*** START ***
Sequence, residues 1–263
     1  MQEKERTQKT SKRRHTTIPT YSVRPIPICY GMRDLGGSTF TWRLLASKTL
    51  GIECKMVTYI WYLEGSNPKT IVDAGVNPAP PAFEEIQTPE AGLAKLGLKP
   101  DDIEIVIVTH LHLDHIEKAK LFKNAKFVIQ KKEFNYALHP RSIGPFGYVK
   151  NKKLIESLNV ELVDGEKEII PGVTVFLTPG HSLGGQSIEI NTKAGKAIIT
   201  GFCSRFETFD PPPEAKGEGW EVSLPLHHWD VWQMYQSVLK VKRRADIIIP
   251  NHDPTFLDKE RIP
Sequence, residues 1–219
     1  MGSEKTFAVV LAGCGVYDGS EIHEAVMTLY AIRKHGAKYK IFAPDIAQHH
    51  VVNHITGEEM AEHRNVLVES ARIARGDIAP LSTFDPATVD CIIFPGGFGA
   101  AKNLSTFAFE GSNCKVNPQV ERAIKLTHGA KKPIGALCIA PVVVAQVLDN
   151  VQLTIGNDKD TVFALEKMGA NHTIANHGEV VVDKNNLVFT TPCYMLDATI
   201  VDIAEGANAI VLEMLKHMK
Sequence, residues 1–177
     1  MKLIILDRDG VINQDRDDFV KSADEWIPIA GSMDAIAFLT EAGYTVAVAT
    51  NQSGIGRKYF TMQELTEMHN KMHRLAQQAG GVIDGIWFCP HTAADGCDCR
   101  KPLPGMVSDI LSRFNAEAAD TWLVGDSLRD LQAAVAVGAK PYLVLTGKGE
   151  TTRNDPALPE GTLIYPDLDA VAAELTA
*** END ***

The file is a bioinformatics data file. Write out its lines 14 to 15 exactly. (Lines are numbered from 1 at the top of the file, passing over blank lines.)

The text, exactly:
Sequence, residues 1–177
     1  MKLIILDRDG VINQDRDDFV KSADEWIPIA GSMDAIAFLT EAGYTVAVAT